In this other thread https://www.23andme.com/you/community/thread/21796/ someone is reporting they are Choctaw and European, but they don't clarify which side of the family is which. Another person reports that their direct maternal line is French Canadian, but supposedly from Normandy. She is C5b, but we know 23andme doesn't always give the full subclade.

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    Quote Originally Posted by Táltos View Post
    She is C5b, but we know 23andme doesn't always give the full subclade.
    23andMe lists the defining mutations of C5b as:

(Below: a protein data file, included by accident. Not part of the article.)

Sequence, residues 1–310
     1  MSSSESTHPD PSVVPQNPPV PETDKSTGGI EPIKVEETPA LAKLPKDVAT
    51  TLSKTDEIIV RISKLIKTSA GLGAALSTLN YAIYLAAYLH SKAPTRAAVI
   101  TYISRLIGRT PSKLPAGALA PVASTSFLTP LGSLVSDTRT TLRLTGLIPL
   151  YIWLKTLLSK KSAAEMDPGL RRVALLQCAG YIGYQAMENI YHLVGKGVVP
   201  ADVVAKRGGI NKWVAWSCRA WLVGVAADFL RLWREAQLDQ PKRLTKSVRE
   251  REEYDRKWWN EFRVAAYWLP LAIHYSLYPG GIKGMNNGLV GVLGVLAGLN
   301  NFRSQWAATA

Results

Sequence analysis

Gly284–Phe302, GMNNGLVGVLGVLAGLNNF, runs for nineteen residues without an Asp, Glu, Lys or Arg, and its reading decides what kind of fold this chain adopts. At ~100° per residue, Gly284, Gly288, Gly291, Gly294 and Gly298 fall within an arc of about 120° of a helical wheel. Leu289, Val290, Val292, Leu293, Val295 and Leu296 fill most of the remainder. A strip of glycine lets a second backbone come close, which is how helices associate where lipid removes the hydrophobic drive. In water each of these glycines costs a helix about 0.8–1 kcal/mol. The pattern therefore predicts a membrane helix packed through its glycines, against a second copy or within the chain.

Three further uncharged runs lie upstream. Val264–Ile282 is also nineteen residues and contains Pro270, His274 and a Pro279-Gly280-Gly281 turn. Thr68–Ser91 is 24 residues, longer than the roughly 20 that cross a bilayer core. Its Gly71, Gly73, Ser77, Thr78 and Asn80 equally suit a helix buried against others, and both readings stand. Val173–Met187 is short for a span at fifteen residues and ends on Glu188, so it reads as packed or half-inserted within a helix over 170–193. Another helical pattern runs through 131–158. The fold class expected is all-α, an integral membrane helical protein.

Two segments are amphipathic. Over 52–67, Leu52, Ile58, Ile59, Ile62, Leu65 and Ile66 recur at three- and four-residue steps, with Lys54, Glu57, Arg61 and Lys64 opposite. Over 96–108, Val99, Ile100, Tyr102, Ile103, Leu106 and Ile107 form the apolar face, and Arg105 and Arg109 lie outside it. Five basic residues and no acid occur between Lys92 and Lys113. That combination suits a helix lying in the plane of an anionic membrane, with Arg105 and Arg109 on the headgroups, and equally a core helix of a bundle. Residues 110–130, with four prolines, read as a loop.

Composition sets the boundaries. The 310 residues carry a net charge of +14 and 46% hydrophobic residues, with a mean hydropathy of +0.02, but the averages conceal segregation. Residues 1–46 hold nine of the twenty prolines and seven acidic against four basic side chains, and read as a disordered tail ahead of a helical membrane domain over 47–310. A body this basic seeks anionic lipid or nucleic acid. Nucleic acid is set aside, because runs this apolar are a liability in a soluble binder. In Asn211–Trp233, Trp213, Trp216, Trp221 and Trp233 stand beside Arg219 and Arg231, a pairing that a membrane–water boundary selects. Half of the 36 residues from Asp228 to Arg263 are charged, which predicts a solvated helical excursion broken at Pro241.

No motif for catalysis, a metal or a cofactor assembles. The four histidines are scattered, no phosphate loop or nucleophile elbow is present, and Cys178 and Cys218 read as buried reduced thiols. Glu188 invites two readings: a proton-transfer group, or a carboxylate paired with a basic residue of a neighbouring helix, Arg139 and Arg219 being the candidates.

---
    C5b defining mutations
    variant call rCRS anc
    i3000926 10454 T
    i5049873 10454 T
    i4000690 16518 G
    i4990307 16527 C
    ---

    Anc refers here not to the true ancestral state, but to the rCRS.

    Phylotree now considers these three mutations at 10454, 16518, and 16527 to define subclade C5c. Thus, any 23andMe assignment to C5b actually refers to (what we now call) C5c.

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    Quote Originally Posted by Táltos View Post
    In this one https://www.23andme.com/you/community/thread/19821/ a poster indicates that their maternal line has been in Georgia, U.S.A. before the early 1700s, and has no links to Poland. (Where the poster thinks the latest research shows this haplogroup to be found.)